# Using primary decomposition theorem to examine structurally distinct Abelian groups?

1. Oct 9, 2012

### dumbQuestion

I am just in to reviewing abstract algebra and came across a theorem I'd forgotten:

http://en.wikipedia.org/wiki/Finitely-generated_abelian_group#Primary_decomposition

(I linked to the theorem instead of writing it here just because I'm not sure how to write all those symbols here)

Anyway, this seems super useful to me because there are a lot of theorems about the group of integers modulo n and their direct sums, (for example, I know if a is a generator of Zn, then am is a generator of Zn <=> m and n are relatively prime), and these groups are easier to conceptualize. So the primary decomposition theorem seems like a nice way to be able to take any general finite abelian group and put it in terms of a direct sum of these "Easy to deal with groups" of integers modulo m.

But I have a question. All the questions in my book along the lines of "how many structurally distinct finite abelian groups of order n are there?" make use of the primary decomposition theorem and I don't understand why. For example, say I have a finite abeliian group G of order 12. The prime decompositioin of 12 is just (2)2(3) so using the primary decomposition theorem I know G is isomorphic to Z2 + Z2 + Z3 and it's also isomorphic to Z4 + Z3. But since it's isomorphic to both of these groups, wouldn't that mean these groups are isomorphic to each other as well? I mean, isomorphism preserves all the group structures, subgroups, etc., so all these groups would be pretty much structurally identical right? So how are they mutually non-isomorphic? I'm so confused!

2. Oct 9, 2012

### dumbQuestion

Re: Using primary decomposition theorem to examine structurally distinct Abelian grou

Nevermind I understand my mistake. The prime decomposition theorem doesn't say a group G will be isomorphic to ALL Of those different groups, just that it's isosmorphic to one of them. I feel really stupid now.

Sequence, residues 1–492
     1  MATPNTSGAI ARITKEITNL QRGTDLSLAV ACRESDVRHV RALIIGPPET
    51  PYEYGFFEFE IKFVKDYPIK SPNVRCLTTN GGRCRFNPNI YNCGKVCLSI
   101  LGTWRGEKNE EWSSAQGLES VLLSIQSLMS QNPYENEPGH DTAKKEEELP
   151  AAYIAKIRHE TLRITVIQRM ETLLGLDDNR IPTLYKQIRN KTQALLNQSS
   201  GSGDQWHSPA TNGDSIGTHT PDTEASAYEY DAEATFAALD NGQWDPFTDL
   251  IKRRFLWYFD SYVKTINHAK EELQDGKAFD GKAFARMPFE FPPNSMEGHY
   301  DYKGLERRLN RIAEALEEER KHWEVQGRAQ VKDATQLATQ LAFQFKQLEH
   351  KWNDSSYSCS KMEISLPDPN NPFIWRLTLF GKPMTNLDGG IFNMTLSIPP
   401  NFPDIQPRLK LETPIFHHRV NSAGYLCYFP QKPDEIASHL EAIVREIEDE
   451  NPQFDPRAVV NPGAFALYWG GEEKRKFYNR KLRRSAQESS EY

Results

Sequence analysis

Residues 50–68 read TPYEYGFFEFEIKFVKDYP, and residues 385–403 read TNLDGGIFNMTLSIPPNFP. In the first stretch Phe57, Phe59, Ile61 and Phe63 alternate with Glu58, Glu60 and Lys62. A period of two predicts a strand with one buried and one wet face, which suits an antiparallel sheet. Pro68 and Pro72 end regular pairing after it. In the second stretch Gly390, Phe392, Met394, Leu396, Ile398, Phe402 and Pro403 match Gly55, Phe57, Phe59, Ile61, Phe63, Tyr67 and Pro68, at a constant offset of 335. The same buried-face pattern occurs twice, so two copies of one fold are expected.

Ok, another question then, how do we know which one it is isomorphic to? Is there another theorem that tells us? Or do we just kind of use process of elimination by examining the different possibilities and finding which one it's structurally similar to?

And one other question, why isn't it the case that in the example I gave, Z4 + Z3 and Z2 + Z2 + Z3 are not isomorphic? I mean I know I can go to the groups, maybe see for example that Z4+Z3 is cyclic while Z2+Z2+Z3 is not and so I'd know they aren't isomorphic because of that. But what's the more general reasoning? I imagine it has something to do with the fact that for example, all the elements in {4,3} are not relatively prime to all the elements in {2,3}. is there a theorem that says that Zm + Zn is isomorphic to Zk + Zh if say m is relatively prime with k and h and n is also relatively prime with k and h?

Last edited: Oct 9, 2012
3. Oct 10, 2012

### Robert1986

Re: Using primary decomposition theorem to examine structurally distinct Abelian grou

There is a theorem that says $m,m$ are co-prime iff $Z_m \times Z_n \simeq Z_{mn}$. (Here I am abusing notation and writing the direct product for a direct sum.) So, that is why $Z_2 \times Z_2$ is not isomorphic to $Z_4$. But, as you said, every finite abelian group can be written as the direct sum of factors like $Z_{p^a}$ where $p$ is prime. For each group, these $p^a$ are called the elementary divisors of G and any two groups are isomorphic iff they have the same elementary divisors.

For example, if $G_1 = Z_2 \times Z_2 \times Z_3$ then the elementary divisors are $(2,2,3)$ and if $G_2 = Z_4 \times Z_3$ then the elementary divisors are $(2^2,3)$.

4. Oct 10, 2012

### dumbQuestion

Re: Using primary decomposition theorem to examine structurally distinct Abelian grou

Thank you so much this is exactly what I was looking for!